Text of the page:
The soundbar can be controlled from its own web page which contains a number of sliders for volume, bass, treble, equalizer settings and settings for surround sound, equalizer bypass etc. These are the control settings for State control 4.

The software includes ssdp discovery so when it is connected to your network it will appear as LG Sound Bar in the 'Home automation' collection.

There is also a debug output so you can see some of what is going on when you change settings. The debug screen can be accessed via http://<your ip address>/debug.html

webpage.png

Web page for configuration and control

Portable Network Graphics (PNG) - 39.15 kB - 10/20/2019 at 09:56

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  • 1 × Wemos ESP8266 module
  • 4 × 1n2 capacitors
  • 2 × RCA connector sockets
  • 2 × RCA plugs
  • 1 × Shielded audio cable

  • Changes and updates

    Acuario10/20/2019 at 09:51 0 comments

    20-October

    • Studying the initial startup data I identified a number of pre-defined coefficient strings in the data, most of which are used but a couple that aren't. I added these to the main web page and made them easily selectable for testing. The coefficient strings are now uploaded in one go and set the selected EQ.
    • When the subwoofer is powered down (by the main bar switching to standby), on reactivating any settings are lost (volume) presumably due to the master volume and ch1 volume being reset by the LG CPU. I added a 1 second timer to constantly refresh the volume values so this should override the LG settings.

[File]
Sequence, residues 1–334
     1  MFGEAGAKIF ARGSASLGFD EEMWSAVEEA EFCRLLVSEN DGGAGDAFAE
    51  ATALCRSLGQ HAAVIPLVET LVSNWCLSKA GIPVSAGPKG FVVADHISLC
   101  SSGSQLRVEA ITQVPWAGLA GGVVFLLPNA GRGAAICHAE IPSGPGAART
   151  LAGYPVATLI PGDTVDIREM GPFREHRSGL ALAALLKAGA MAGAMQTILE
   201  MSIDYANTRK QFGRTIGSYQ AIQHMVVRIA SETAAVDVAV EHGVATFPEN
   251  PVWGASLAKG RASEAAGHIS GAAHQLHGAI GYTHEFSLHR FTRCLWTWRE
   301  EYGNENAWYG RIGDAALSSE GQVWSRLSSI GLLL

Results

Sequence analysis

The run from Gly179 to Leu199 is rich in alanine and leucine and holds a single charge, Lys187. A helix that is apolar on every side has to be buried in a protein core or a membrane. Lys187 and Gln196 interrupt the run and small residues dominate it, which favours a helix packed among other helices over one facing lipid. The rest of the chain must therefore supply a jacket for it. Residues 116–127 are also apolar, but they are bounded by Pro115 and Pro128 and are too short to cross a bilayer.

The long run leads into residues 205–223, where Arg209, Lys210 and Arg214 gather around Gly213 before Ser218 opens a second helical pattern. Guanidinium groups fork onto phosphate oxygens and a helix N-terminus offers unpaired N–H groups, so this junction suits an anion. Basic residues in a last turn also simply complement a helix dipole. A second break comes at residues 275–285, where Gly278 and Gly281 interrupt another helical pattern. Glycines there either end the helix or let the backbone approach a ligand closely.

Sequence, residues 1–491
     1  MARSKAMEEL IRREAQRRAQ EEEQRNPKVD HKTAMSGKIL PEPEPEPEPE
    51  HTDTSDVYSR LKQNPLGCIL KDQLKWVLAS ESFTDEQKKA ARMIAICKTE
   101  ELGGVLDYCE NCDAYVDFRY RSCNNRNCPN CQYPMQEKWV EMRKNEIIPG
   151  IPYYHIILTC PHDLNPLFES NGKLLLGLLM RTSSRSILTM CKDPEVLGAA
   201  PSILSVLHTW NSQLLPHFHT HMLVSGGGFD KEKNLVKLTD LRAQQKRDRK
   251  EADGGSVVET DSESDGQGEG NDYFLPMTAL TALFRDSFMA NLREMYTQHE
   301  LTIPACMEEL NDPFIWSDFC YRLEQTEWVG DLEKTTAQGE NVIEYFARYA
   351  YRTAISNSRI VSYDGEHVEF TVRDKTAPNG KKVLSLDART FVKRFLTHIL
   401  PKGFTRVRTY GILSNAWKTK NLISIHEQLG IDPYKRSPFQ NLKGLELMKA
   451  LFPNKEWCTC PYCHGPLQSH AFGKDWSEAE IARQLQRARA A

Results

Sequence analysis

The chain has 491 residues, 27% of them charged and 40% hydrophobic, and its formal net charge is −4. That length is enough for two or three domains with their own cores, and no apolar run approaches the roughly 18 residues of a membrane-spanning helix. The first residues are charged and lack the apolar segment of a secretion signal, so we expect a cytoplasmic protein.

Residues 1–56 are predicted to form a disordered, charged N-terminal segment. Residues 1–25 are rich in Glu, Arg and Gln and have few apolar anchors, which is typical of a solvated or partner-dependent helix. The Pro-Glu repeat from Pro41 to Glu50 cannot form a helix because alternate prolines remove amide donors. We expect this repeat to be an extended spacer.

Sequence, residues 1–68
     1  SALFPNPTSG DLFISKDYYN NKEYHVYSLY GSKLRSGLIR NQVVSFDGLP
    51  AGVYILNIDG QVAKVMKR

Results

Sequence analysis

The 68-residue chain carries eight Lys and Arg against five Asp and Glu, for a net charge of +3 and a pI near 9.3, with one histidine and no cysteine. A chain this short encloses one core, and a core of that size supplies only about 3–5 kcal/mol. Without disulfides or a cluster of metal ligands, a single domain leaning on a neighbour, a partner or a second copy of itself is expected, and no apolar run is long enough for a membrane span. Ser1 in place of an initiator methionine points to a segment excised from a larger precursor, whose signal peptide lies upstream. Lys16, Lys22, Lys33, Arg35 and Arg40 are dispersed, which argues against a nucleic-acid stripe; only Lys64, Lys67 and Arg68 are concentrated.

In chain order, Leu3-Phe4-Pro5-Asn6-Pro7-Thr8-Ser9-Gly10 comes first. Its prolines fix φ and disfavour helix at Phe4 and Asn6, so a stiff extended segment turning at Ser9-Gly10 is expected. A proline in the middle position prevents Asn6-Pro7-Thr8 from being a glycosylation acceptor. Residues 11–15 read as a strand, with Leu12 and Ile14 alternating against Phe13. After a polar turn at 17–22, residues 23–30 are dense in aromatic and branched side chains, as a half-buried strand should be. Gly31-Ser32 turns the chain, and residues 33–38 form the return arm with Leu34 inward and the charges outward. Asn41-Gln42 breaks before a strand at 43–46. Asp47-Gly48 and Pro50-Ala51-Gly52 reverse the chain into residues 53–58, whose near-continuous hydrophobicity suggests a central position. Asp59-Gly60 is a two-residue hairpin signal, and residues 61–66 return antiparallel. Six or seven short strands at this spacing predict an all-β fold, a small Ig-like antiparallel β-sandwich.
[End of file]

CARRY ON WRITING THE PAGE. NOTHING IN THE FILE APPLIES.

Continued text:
View project log

  • 1
    Changing the operating mode to 2.1 and re-configuring the speaker outputs

    The LG unit is configured as a mono output. To change the configuration to 2.1 stereo you need to connect pin 5 (CFG1) to 3.3V. This is a very fiddly job owing to the size of the IC. I used a very finely ground screwdriver tip to dig under the pin (no heat involved) and managed to lift the pin from its solder pad. I then used a very fine point soldering iron and solder paste to solder a wire from the pin to the +3.3V supply track to the IC (see photo).

    Also, you need to lift and re-position 6 of the ferrite beads, 4 for the left and right speakers and 2 for the woofer. The other 2 for the woofer can be left in place. Then connect a jumper wire from the lifted 2 woofer outputs to the now disconnected track where the woofer was connected (see photo).

  • 2
    Speaker outputs

    In my case I did not modify the LG chipboard box as I managed to squeeze 2 x RCA connectors into the space below the power lead input. There are 1.2nF capacitors connected between the + and - outputs of both speaker outputs to the unit 0V.  Shielded cables are connected from the speaker outputs to the tops of the ferrite beads that are now the left and right outputs. (see photo).

  • 3
    Mounting the ESP8266

    I use a Wemos ESP8266 board mounted on a small piece of veroboard to connect the ESP8266 to the relevant pins on the mainboard I2C connector.  In my case I use GPIO12 and GPIO13 (SDA A4, SCL A5) for my interface.

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Mike Szczys wrote 10/29/2019 at 21:57 point

Great find on unlocking these features. It's incredible to think you can install a single-module hack like this and then tweak registers through the web interface. Nice hack!